The Academy Awards have 23 categories designed to honor the best in film each year. Recently, however, there has been a tendency for certain movies to hog the honors and not spread the wealth. Two years ago, four films boasted ten or more nominations each, accounting for more than their fair share. A great year of cinema doesn’t mean that everything will get recognized. Read on for a list of ten great films that should get mentioned but may end up missing the mark.
1. In the Heights
When Lin-Manuel Miranda’s first show made its Broadway debut, it took home the Tony Award for Best Musical. More than a decade later, the film adaptation was a success, opening during the early summer in theaters and on HBO Max. But in a year full of movie musicals, it seems inevitable that this one, which boasts energetic performances and superb choreography, will be forgotten. Miranda is also likely to be cited for a different film, the one that serves as his first time directing a movie, tick, tick…BOOM!
Speaking of Miranda, his music is present in another fabulous and underrated film, this one for all ages. Sony’s Vivo had a brief theatrical run in July and showed up on Netflix this August, featuring typically fantastic tunes and an endearing story of Cuban heritage. But, like In the Heights, this film may be overshadowed by other animated features like Encanto that also pay tribute to underrepresented cultures in a heartwarming, family-friendly showcase.
This four-person drama, which premiered at the Sundance Film Festival in January, is the directorial debut of actor Fran Kranz, an actor known for the series Dollhouse. There is such an outpouring of talent in the small cast – Martha Plimpton, Jason Isaacs, Ann Dowd, and Reed Birney – but with other competition in the supporting acting races, it’s possible that there won’t be room for any of them. Though its subject matter – a school shooting – may be difficult for some audiences, this independent film deserves plenty of praise.
4. The Novice
Actress Isabelle Fuhrman made an impression at just twelve years old for playing Esther in the horror movie Orphan. Now, twelve years after that, Fuhrman has delivered an equally compelling but very different performance, playing an obsessive college student determined to be the best rower on her team. It’s a powerhouse turn in a film that shouldn’t be ignored either, one that captures the feeling of isolation and intensity that drives her character, Alex, to extraordinary lengths.
In a career spanning more than half a century, Dutch filmmaker Paul Verhoeven has only seen a few of his films earn Oscar attention. Notably, his 1973 film Turkish Delight was nominated for Best Foreign Film, while his 2016 entry Elle netted its star Isabelle Huppert a Best Actress bid. His latest project isn’t eligible for the Best International Feature category, but it does feature excellent performances and production values in its depiction of a lesbian nun in Renaissance Italy that shouldn’t go unnoticed.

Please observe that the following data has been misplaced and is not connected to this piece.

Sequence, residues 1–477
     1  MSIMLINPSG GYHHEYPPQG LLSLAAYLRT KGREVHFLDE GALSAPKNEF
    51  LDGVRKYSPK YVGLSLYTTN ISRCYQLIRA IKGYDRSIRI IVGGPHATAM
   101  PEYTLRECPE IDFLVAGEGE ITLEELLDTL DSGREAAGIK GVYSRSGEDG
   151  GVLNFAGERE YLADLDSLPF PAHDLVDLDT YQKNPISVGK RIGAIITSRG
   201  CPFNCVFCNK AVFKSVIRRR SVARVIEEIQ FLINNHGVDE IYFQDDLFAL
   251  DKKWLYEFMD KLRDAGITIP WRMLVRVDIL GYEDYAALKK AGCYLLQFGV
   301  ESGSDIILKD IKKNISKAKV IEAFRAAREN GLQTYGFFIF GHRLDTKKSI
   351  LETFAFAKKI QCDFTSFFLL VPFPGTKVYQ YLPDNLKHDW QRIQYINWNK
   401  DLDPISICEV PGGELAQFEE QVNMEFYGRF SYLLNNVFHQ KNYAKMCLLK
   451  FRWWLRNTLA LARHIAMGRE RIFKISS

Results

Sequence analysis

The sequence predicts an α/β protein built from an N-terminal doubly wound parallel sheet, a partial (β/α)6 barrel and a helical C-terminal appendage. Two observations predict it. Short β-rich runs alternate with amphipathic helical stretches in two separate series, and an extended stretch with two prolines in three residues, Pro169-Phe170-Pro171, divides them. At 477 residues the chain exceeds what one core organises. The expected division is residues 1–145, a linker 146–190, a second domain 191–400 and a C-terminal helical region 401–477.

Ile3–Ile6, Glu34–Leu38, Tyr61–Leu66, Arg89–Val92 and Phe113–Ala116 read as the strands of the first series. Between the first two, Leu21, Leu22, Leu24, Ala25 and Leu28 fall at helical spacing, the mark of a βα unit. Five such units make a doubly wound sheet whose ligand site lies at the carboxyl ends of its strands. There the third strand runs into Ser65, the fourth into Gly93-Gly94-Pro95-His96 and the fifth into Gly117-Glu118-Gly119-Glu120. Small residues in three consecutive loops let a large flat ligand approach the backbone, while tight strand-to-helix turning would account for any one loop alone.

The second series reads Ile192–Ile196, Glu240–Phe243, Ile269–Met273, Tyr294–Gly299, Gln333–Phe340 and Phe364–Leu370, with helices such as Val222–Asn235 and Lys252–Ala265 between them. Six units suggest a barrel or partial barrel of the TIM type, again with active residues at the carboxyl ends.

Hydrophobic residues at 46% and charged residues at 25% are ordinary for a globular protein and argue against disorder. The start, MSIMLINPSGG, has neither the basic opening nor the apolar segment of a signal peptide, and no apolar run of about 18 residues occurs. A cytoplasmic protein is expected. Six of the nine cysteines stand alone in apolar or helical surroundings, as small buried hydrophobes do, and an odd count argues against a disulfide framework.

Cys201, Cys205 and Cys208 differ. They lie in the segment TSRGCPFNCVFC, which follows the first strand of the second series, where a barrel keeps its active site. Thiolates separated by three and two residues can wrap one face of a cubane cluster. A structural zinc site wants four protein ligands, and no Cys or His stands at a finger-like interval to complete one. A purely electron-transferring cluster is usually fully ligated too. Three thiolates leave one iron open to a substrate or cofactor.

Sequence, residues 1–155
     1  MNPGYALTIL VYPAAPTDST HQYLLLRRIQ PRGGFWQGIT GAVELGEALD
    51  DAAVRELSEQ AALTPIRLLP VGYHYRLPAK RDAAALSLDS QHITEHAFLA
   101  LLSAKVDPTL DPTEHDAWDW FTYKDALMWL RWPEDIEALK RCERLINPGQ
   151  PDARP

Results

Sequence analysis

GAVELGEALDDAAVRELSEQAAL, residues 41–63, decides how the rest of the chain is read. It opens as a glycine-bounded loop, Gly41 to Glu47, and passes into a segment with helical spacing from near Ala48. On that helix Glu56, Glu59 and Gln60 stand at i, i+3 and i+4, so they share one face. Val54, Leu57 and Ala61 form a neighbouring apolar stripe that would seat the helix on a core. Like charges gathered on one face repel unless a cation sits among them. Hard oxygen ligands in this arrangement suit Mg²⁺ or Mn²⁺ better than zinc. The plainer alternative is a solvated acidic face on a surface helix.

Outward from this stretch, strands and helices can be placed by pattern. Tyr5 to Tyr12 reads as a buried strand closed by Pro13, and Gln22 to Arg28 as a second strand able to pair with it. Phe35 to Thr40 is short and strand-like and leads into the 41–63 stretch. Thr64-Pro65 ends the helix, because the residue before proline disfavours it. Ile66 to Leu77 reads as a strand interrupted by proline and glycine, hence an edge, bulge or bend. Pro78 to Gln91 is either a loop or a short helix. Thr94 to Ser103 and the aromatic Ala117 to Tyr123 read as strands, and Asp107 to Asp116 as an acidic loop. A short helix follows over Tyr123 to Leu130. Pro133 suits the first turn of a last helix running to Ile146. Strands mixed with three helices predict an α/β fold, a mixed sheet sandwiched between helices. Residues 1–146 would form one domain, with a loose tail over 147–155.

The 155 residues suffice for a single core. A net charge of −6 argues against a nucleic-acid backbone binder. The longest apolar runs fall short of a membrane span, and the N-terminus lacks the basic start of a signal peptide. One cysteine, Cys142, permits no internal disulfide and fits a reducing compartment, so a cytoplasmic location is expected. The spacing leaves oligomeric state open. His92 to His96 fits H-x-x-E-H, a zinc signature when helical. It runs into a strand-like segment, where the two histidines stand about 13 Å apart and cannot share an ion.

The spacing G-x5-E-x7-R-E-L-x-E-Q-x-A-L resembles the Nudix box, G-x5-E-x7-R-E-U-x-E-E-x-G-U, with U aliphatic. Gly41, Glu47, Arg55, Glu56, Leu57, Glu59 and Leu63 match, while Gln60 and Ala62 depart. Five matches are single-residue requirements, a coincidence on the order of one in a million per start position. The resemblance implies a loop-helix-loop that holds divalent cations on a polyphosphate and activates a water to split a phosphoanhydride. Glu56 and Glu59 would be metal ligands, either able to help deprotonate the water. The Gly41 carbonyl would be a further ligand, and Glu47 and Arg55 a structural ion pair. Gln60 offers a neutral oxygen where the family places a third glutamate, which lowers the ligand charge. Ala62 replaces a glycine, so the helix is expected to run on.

6. No Time to Die
James Bond has a complicated history with the Oscars. In the last forty years, only Skyfall has earned a nomination for anything other than music. Billie Eilish’s title tune is a shoo-in for Best Original Song, but this action blockbuster boasts more than just that. Its technical elements are superb, but the odds aren’t good given that only three Bond movies have ever been nominated for their sound work and other categories are even rarer for the franchise.
7. F9: The Fast Saga
Okay, so this isn’t exactly Best Picture material, but there’s a lot to like about the ninth installment in the Fast and the Furious franchise. Its visual effects and sound editing are fantastic, but not a single film of the previous eight has ever earned an Oscar nomination. Even Fast & Furious 7 ended up getting shut out despite featuring its Paul Walker tribute song See You Again. Will this be the time that the great work on this saga finally gets honored?
8. Silent Night
A great cast and a clever premise should equal Oscar buzz, but unfortunately that’s not always the case. A film about toxic winds and quick-death pills may not be everyone’s cup of tea, but there’s great talent on display here. It’s particularly fun to see Roman Griffin Davis in a follow-up role worthy of his debut in Jojo Rabbit, alongside actors like Keira Knightley, Matthew Goode, and Lily-Rose Depp. After a premiere at the Toronto International Film Festival and a launch on AMC+ to coincide with its theatrical run, could this small, dark film make waves?
9. The Eyes of Tammy Faye
Jessica Chastain is simply unrecognizable as televangelist Tammy Faye Bakker, and, as long as she isn’t pushed out by late-breaking, buzzier contenders, she’s probably still set for a nomination. But there’s more to the film than just her very strong performance, including costar Andrew Garfield, a likelier bet for his turn in tick, tick…BOOM! The film didn’t earn the reviews it needed to place in other categories, but it would be a good and deserving choice for other accolades.
10. The French Dispatch
Wes Anderson’s latest film is an absolute delight, but he isn’t always feted by Oscar voters in the way he should be. His biggest success to date awards-wise was The Grand Budapest Hotel, which netted a bid for Best Picture and picked up a few trophies, but his other films have had more mixed results. Moonrise Kingdom, for instance, only picked up a screenplay mention, while another of his best films, The Darjeeling Limited, was snubbed entirely. Can The French Dispatch break through as it should this year?